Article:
Exploring Limb Salvage Options In Patients With Chronic Limb Ischemia

By John E. Aruny, MD, Peter Blume, DPM, Bauer Sumpio, MD, PhD, and Benjamin Buren, DPM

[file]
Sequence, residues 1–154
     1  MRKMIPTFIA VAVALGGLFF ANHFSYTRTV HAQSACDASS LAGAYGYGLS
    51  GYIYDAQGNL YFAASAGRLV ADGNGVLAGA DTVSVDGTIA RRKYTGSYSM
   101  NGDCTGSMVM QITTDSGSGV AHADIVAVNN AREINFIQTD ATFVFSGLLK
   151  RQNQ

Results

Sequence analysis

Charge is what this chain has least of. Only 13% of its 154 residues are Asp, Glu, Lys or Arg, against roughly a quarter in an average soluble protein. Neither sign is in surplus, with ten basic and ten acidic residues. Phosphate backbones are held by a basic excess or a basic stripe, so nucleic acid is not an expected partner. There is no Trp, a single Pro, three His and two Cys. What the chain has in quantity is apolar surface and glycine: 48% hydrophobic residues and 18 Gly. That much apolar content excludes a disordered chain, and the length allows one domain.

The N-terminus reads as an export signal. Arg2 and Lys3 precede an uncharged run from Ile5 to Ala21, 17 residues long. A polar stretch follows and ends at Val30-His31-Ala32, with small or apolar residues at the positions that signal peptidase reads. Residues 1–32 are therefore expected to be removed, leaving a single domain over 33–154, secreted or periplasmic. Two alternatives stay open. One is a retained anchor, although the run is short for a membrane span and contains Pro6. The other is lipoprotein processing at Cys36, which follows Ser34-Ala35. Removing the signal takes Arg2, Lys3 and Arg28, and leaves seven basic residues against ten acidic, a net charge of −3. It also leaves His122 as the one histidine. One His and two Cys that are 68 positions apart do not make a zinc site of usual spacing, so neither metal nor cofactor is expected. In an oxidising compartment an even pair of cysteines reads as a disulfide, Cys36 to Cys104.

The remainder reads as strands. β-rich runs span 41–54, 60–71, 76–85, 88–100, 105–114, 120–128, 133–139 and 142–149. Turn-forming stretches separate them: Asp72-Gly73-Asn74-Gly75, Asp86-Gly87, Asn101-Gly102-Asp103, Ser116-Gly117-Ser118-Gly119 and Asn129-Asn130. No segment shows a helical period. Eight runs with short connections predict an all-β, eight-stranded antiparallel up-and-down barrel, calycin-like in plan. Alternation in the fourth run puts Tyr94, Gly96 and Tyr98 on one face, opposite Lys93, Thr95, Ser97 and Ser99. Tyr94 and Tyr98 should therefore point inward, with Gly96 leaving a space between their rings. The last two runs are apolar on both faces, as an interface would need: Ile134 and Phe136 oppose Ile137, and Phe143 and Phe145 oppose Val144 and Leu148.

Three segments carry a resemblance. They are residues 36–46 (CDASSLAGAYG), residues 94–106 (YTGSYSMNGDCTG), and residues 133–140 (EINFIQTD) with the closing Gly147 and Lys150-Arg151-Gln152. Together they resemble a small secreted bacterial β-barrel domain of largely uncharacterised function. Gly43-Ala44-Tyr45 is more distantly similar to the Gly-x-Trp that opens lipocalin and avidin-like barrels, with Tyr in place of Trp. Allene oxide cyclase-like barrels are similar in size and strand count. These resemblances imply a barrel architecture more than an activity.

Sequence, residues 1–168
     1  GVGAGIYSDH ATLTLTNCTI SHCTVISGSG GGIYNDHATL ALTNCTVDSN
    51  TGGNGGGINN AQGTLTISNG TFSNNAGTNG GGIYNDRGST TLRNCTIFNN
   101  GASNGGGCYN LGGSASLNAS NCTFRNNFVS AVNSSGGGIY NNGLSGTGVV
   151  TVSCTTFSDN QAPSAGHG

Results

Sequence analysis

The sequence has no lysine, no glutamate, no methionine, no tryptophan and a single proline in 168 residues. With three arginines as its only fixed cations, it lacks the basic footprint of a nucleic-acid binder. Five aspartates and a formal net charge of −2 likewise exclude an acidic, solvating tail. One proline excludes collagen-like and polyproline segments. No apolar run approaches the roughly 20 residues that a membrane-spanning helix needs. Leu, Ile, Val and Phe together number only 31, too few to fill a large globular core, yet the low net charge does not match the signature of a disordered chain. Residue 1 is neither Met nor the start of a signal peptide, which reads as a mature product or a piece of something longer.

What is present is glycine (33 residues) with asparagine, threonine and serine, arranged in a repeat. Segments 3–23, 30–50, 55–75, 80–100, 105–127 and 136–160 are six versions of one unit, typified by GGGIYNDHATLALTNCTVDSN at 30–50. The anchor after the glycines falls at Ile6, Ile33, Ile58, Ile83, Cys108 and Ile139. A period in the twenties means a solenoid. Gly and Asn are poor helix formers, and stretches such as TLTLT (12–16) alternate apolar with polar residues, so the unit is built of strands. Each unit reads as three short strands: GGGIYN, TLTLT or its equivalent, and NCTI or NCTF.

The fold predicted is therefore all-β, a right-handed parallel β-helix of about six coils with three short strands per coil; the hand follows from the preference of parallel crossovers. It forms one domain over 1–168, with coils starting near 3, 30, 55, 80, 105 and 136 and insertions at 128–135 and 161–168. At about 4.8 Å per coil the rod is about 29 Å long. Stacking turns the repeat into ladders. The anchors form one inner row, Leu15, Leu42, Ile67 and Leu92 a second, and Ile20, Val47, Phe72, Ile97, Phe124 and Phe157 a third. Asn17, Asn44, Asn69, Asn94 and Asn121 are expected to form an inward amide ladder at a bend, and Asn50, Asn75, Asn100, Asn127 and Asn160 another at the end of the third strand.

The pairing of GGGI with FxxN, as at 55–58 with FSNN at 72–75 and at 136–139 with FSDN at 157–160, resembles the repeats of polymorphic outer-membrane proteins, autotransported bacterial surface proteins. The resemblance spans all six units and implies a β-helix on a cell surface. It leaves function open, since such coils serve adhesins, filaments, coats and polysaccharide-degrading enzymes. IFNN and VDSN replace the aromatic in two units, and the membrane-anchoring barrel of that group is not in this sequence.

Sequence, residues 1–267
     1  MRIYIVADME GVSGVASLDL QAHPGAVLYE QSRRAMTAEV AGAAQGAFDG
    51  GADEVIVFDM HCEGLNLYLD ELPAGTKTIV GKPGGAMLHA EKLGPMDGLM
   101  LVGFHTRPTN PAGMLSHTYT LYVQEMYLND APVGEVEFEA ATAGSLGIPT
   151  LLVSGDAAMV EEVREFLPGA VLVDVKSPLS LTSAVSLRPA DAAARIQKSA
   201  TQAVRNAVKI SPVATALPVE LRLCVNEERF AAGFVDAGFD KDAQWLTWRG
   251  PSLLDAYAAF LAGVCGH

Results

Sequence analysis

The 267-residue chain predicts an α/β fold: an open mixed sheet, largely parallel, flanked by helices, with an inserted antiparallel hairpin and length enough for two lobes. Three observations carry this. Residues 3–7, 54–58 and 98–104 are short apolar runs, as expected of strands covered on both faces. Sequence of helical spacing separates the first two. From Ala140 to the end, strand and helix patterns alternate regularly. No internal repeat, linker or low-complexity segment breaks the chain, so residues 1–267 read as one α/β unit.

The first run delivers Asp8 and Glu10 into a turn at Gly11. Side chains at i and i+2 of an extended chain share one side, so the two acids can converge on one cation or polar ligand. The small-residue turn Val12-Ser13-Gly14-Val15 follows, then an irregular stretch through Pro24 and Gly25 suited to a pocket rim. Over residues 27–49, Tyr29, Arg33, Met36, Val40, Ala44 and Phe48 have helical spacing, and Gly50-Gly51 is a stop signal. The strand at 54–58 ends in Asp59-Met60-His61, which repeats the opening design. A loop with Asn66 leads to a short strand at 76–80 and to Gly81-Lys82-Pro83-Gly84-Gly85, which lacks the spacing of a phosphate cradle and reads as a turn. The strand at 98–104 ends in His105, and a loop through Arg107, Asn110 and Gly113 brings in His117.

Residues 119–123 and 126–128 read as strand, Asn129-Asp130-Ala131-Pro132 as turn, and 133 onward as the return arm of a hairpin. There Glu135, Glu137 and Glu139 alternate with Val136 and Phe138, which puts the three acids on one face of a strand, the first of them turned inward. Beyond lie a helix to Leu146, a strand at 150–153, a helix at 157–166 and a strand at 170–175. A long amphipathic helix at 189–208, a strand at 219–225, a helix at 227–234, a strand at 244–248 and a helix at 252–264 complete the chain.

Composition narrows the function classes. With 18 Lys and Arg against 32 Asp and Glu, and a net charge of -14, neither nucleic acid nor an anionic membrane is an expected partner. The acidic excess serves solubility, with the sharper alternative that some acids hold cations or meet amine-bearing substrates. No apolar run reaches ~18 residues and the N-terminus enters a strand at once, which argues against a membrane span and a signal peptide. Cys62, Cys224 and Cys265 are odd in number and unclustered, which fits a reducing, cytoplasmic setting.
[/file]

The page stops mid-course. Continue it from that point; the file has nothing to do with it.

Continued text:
Chronic critical limb ischemia has been defined as a non-healing ulceration or gangrene of the foot or toes, and/or rest pain that requires regular use of analgesics.1 These patients will require some type of intervention to resolve their condition. It can be particularly challenging to salvage the limb of a patient who has failed a bypass. The objective of revascularization is to augment blood flow to allow for wound healing and avoid major amputation resulting in the need for a prosthesis.    Amputation of one or more digits or even transmetatarsal amputation preserves enough of the foot to allow for ambulation. However, after excision of the gangrenous segment, the surgical wound will not heal if there is inadequate blood flow to the area. Diabetic patients and others with limb-threatening ischemia often have few choices. Bypass surgery may not be possible due to poor vein quality or previous harvesting of saphenous veins for coronary artery bypass.    Angioplasty for infrapopliteal vascular occlusive disease is not new. Dotter and Judkins described three patients with peroneal-tibial trunk angioplasty in their initial report in 1964.2 At first, coronary balloons were utilized and then specialized angioplasty balloons designed for tibial vessels became available.3 Limb salvage rates were similar to surgery. However, only 20 to 30 percent of patients with isolated tibial disease were candidates for endovascular therapy due to the number and length of lesions. Recently, Bolia, Brennan and Bell described subintimal angioplasty.4 Others have supported the role of this technique for limb salvage and have successfully treated longer lesions with close to 90 percent technical success.1,5    The development of cryoplasty therapy has advanced the mechanical properties of the angioplasty balloon, potentially transforming it into an instrument that alters the physiology of the plaque and smooth muscle cells. One uses liquid nitrous oxide to inflate the balloon for 20 seconds at 8 ATM. This cools the balloon to –10º C. The thinking is that this freezing action alters the plaque response to angioplasty, causing it to fracture more uniformly and reduce the incidence of flow-limiting dissections. There is a reduction in vessel wall recoil. Finally, the freezing action has been shown in vitro to activate markers of apoptosis. TUNEL assay and Annexin V assay revealed an apoptotic peak at –10º C and no apoptosis above 15º C. In theory, this suspends the ability of smooth muscle cells to secrete matrix, the basis of the restenotic lesion.    With this in mind, let us consider a case study in which cyroplasty therapy was utilized in a combination approach to salvage the limb of a patient with chronic limb ischemia.

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